A Closer Look into Press Freedom in the World’s Largest Democracy

India’s democratic principles were tested Friday when a leader of the Hindu Nationalist Bharatiya Janata Party (BJP) threatened journalists covering the brutal rape and murder of eight year-old Asifa.

Choudhary Lal Singh, a member of the BJP, organized a rally in support of those responsible for the Asifa incident, which took place in Kathua, a district in Jammu and Kashmir.

Singh cited the killing of Shujaat Bukhari, who was a veteran reporter in Kashmir, and warned Kashmiri reporters to “mend their ways” and “draw a line” to avoid facing the same fate as Bukhari.

While the official motives of Bukhari’s assassination are unknown, Singh’s remarks have encouraged the BJP to continue attacking the free press.

Since the BJP took power in 2014 with the election of Narendra Modi, right-wing politics has been sweeping throughout India. The country was among the first in the world to experience the wave of populism and nationalism that has been spreading across the western world for the past few years.

Constant attacks on the press and support for censorship have become commonplace in India. Reports show that forty-six reporters were attacked, twenty-seven were arrested and eleven were killed in 2017. Half of the forty-six attacks were carried out by politicians and police.

Censorship has also played a major role in India since Modi was elected. According to the same report, five state governments (Goa, Kerala, Rajasthan, Jammu and Kashmir and West Bengal)  have deterred media outlets from reporting on certain events. Reporters without Borders ranks India at 138th worldwide in the 2018 World Press Freedom Index, falling two positions since last year.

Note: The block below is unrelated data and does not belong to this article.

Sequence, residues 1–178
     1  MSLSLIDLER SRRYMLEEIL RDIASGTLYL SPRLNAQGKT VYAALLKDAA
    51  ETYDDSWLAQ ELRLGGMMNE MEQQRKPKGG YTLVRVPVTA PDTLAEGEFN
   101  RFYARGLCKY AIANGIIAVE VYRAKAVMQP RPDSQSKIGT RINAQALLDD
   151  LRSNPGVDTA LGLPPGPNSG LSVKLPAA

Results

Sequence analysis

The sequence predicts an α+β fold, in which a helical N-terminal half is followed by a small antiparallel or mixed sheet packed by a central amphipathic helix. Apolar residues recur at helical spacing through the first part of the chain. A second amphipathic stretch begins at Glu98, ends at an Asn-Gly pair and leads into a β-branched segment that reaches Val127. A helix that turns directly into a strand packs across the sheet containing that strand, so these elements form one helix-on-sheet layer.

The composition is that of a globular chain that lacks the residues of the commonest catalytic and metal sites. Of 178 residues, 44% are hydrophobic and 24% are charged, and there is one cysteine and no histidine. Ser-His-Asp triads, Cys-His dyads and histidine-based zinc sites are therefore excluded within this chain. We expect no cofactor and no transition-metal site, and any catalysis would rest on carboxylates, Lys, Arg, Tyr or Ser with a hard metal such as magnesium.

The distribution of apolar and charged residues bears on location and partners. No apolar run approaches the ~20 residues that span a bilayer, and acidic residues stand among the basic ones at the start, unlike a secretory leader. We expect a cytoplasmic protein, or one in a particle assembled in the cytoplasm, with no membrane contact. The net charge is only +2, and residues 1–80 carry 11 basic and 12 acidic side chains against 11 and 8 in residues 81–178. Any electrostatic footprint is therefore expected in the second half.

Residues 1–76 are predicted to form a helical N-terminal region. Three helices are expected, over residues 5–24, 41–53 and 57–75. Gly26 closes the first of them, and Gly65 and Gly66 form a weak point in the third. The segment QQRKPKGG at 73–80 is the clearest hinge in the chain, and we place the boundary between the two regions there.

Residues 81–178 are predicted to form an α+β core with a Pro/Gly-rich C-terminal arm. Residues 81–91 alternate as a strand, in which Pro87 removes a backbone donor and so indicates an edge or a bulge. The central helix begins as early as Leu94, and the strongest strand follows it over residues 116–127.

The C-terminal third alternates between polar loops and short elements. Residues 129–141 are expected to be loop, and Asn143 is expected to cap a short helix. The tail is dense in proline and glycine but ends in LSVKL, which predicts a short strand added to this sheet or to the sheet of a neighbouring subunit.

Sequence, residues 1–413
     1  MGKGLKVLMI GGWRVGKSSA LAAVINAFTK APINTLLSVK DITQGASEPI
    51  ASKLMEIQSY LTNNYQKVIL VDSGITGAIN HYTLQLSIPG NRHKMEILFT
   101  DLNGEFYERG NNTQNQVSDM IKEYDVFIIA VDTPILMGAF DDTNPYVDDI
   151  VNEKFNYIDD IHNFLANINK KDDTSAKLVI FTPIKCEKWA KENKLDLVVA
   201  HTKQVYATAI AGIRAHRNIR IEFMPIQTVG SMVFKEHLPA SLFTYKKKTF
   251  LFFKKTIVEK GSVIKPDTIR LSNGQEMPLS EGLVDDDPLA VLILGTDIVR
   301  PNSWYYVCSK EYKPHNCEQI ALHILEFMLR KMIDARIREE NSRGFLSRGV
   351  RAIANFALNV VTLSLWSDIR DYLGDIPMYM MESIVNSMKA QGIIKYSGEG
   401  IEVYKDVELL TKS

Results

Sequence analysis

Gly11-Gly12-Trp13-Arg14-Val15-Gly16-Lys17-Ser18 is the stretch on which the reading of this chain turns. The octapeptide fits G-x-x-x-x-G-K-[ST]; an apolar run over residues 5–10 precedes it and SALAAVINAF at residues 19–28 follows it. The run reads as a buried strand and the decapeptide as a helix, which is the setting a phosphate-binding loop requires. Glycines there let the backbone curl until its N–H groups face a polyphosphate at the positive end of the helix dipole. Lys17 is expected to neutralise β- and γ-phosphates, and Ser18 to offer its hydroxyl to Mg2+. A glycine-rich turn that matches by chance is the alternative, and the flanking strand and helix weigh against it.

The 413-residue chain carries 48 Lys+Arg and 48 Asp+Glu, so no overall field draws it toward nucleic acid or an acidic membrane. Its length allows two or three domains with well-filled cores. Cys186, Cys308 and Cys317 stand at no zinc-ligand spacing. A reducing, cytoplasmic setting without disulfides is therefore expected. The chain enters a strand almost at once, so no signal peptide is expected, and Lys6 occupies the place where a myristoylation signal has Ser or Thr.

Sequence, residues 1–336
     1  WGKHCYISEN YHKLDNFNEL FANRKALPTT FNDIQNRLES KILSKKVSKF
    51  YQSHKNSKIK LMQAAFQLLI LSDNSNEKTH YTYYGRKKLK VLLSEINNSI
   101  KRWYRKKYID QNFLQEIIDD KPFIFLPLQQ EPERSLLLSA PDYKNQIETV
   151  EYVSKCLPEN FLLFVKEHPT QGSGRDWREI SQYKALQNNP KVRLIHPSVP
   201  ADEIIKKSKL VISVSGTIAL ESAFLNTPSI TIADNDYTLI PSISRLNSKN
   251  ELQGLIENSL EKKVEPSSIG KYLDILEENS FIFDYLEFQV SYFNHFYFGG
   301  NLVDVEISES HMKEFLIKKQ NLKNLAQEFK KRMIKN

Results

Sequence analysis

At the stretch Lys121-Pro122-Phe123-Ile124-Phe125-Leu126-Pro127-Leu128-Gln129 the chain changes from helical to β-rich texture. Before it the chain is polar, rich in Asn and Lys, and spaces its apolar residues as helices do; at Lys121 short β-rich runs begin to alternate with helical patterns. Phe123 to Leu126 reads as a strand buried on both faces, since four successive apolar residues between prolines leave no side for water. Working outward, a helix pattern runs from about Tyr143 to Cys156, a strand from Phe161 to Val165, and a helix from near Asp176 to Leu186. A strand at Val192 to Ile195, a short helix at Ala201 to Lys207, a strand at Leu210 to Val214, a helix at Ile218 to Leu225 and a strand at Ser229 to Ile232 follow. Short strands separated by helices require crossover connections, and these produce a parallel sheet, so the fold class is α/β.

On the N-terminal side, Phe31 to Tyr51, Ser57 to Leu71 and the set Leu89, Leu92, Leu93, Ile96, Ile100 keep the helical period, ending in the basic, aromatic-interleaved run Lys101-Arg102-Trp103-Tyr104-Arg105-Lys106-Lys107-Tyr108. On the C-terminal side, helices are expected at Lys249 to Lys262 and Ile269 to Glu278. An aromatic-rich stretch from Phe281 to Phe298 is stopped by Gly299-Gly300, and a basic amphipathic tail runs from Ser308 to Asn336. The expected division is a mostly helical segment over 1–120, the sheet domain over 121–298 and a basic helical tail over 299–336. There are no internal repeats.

Social media outlets such as Whatsapp have also been subject to censorship making Indian citizens think twice before sending anti-government content or spreading rumors that could lead to ethnic or religious tensions. Last April, the Indian government acted out by arresting a user for sending content that was believed to have posed a threat to the religious harmony in his area.

The government has made it clear that it will hold not only the sender of such material accountable, but also the group administrator if he or she fails to report ‘fake’ material to the police. Furthermore, if no action is taken by the administrator, he or she is assumed guilty.

One of the reasons for this crackdown on Whatsapp users may be because of the violence that began just last year after a Whatsapp message circulated between Indian group chats warning people to be careful of strangers, as they may be a part of kidnapping mobs. Hysteria broke out resulting in two incidents where angry mobs assaulted alleged kidnappers and seven people died.

 

 

 

 

 

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